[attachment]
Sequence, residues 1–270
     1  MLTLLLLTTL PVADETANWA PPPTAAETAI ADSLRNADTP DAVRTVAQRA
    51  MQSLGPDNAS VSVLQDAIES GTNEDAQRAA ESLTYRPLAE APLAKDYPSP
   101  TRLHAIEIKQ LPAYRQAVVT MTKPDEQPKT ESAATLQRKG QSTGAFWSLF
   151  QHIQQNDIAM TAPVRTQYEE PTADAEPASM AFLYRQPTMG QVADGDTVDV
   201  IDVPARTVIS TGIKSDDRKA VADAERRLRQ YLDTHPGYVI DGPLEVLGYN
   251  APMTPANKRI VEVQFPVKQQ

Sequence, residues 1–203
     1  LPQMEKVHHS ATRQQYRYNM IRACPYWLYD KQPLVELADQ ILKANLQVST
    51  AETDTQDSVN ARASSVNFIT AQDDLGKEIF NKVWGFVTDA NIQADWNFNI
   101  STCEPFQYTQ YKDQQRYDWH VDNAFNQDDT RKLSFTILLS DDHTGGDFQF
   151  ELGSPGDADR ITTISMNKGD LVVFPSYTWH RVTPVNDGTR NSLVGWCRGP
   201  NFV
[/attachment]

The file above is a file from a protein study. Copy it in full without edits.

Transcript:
Sequence, residues 1–270
     1  MLTLLLLTTL PVADETANWA PPPTAAETAI ADSLRNADTP DAVRTVAQRA
    51  MQSLGPDNAS VSVLQDAIES GTNEDAQRAA ESLTYRPLAE APLAKDYPSP
   101  TRLHAIEIKQ LPAYRQAVVT MTKPDEQPKT ESAATLQRKG QSTGAFWSLF
   151  QHIQQNDIAM TAPVRTQYEE PTADAEPASM AFLYRQPTMG QVADGDTVDV
   201  IDVPARTVIS TGIKSDDRKA VADAERRLRQ YLDTHPGYVI DGPLEVLGYN
   251  APMTPANKRI VEVQFPVKQQ

Sequence, residues 1–203
     1  LPQMEKVHHS ATRQQYRYNM IRACPYWLYD KQPLVELADQ ILKANLQVST
    51  AETDTQDSVN ARASSVNFIT AQDDLGKEIF NKVWGFVTDA NIQADWNFNI
   101  STCEPFQYTQ YKDQQRYDWH VDNAFNQDDT RKLSFTILLS DDHTGGDFQF
   151  ELGSPGDADR ITTISMNKGD LVVFPSYTWH RVTPVNDGTR NSLVGWCRGP
   201  NFV